Doug Behl, VE3XDB, linking via internet from Kitchener, Ontario, later wrote:

“Many amateurs today complain about propagation. Conditions haven’t been great for several years, although there is some glimmer of hope that things may be getting better. Those experiencing the most frustration seem to be sideband operators. I have had some success over the past few years, using a couple of principles.

1. Use a mode that does better in poor conditions. These days, everyone jumps to FT8, a fantastic, low-power mode that does very well in poor conditions. However, I prefer a mode that creates a more traditional experience. CW and PSK31 are both very good modes for effective contacts when conditions are poor and may provide an opportunity to get to know the other operator a bit better.

2. Work the gray line. Gray-line propagation occurs at daybreak or at dusk. It is very interesting, because it occurs at a very particular time of day, opens up very quickly, and then, when time is up, it just disappears! Here is a short, interesting article on the science and experience of gray line propagation.

Following the above two principles, I have worked western and eastern Europe, the Caribbean and South America, as well as Oceania and Southeast Asia over the past few months, My modest station is a short, inverted L and an old Kenwood transceiver, usually running about 20 W and never more than 40 W. Best results have been achieved on 20, 30, and 40 meters.

To work the world when conditions are poor, I encourage others to try CW and PSK31, especially at dawn or at dusk. You may be surprised by the results achieved using a modest station. We need more operators in both of these modes!”

Ken Brown, N4SO wrote:

“Evidence pointed to a very good propagation path to Asiatic Russia, Japan, and to China on Saturday evening. From October 10, 2330 UTC, 21.074 MHZ, FT8: I first noticed UA0CA calling CQ from Asiatic Russia. It’s rare to see a UA0 on the screen, and so far I have never completed a contact. I have also never had completed a contact with China until Saturday evening.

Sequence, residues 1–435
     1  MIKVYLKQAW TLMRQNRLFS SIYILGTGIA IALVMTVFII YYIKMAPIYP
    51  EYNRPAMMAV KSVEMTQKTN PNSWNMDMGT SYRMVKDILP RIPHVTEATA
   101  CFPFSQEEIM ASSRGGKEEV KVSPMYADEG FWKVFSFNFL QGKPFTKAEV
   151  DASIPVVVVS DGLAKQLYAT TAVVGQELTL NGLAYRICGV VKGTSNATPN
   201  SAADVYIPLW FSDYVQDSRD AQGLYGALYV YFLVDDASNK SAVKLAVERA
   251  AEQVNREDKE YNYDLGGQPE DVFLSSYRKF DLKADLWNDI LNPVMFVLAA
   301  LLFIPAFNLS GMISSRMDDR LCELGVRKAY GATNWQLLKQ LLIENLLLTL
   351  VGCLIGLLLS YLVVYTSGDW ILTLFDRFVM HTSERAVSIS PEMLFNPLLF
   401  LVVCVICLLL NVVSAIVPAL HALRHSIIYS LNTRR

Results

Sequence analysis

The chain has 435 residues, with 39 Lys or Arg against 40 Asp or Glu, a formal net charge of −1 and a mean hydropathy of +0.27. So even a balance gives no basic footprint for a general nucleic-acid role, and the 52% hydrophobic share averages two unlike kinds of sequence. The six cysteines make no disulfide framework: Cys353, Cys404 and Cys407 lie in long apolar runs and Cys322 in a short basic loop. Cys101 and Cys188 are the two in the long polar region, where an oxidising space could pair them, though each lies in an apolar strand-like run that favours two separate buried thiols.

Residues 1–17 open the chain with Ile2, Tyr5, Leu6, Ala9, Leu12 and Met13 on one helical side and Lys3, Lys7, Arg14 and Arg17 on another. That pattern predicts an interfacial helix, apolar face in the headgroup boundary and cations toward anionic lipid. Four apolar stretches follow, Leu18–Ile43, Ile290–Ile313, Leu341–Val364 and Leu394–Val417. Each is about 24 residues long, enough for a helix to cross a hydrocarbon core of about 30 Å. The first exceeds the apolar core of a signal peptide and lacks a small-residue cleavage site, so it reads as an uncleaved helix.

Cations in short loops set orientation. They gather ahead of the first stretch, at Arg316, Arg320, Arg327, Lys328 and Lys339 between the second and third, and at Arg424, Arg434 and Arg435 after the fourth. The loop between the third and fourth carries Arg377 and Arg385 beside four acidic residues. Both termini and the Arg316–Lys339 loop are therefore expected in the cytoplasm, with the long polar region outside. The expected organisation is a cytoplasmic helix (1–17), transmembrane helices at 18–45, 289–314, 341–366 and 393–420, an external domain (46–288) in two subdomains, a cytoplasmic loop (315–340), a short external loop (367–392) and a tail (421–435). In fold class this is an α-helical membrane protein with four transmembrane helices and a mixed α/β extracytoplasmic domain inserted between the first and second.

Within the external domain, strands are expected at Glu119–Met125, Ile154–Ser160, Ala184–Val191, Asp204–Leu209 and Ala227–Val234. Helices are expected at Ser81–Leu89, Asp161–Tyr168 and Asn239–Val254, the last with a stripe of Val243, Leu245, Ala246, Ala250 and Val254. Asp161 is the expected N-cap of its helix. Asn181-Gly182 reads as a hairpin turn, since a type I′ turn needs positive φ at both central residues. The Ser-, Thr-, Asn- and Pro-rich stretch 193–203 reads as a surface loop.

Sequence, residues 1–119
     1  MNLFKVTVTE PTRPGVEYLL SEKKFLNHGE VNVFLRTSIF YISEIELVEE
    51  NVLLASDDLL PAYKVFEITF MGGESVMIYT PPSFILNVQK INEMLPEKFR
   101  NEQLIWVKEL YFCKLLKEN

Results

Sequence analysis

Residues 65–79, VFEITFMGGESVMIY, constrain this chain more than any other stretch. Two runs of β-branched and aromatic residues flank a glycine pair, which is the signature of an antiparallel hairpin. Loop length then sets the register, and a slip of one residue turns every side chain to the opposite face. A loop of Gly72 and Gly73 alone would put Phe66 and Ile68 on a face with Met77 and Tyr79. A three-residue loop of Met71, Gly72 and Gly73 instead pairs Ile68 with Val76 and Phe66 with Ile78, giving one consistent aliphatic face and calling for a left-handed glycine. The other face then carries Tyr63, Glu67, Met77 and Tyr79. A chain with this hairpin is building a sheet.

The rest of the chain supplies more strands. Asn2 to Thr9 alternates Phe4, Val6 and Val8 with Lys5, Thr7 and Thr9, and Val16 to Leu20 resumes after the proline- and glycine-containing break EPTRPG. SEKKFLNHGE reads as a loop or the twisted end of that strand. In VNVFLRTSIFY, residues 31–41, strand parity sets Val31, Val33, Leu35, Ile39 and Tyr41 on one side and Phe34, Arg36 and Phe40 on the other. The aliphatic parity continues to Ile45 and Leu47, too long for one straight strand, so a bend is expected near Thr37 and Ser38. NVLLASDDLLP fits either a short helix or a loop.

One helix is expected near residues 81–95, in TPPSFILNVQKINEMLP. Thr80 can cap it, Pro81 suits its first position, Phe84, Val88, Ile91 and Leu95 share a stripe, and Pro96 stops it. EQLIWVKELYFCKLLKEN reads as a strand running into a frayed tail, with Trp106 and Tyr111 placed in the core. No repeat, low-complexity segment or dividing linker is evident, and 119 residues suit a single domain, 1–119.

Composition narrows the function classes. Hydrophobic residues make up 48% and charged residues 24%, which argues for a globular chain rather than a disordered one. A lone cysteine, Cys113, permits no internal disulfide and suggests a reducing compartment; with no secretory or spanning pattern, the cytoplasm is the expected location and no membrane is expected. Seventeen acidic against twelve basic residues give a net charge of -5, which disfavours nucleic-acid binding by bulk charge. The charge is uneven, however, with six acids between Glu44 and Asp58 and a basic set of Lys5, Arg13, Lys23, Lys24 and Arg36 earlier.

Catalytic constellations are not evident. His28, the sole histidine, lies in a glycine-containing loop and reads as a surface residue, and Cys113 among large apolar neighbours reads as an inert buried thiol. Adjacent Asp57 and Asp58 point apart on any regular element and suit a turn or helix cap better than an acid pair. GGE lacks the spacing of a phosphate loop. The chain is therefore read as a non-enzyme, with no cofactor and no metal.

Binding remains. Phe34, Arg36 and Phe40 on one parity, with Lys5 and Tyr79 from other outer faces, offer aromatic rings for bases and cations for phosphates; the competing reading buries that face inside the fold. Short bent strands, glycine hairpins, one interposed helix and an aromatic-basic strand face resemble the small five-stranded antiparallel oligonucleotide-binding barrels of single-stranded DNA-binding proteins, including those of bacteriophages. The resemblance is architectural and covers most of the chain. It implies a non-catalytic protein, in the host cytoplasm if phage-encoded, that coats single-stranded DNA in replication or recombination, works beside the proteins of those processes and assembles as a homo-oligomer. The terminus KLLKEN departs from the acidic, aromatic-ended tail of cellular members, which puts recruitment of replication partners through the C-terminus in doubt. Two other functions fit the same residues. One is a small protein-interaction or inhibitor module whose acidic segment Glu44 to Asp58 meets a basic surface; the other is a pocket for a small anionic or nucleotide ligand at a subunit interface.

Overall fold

“Calling UA0CA was noticed by BV1EK, China, and he called me and we were able to complete a contact. In this same period, I completed contacts with JA1FGX, JQ1CIV, and JG1SRB.

“A contact with UA0CA or with UA0ZK was not made, but I can appreciate the distance is roughly 5,000 miles away. I will try again on Sunday. Distance to UA0ZK, for example, is 5,391 miles.”

Sunspot numbers for October 8 – 14 were 0, 24, 26, 15, 15, 0, and 12, with a mean of 13.1. The 10.7-centimeter flux was 71.6, 73.1, 73.6, 72.9, 73.8, 72.3, and 74.5, with a mean of 73.1. Estimated planetary A indices were 3, 2, 2, 3, 4, 3, and 2, with a mean of 2.7. Middle latitude A index was 2, 1, 2, 2, 3, 3, and 0, with a mean of 1.9.

For more information concerning radio propagation, visit the ARRL Technical Information Service, read “What the Numbers Mean…,” and check out K9LA’s Propagation Page.

A propagation bulletin archive is available. Monthly charts are no longer be updated on this page. For customizable propagation charts, visit the VOACAP Online for Ham Radio website.

Instructions for starting or ending email distribution of ARRL bulletins are on the ARRL website.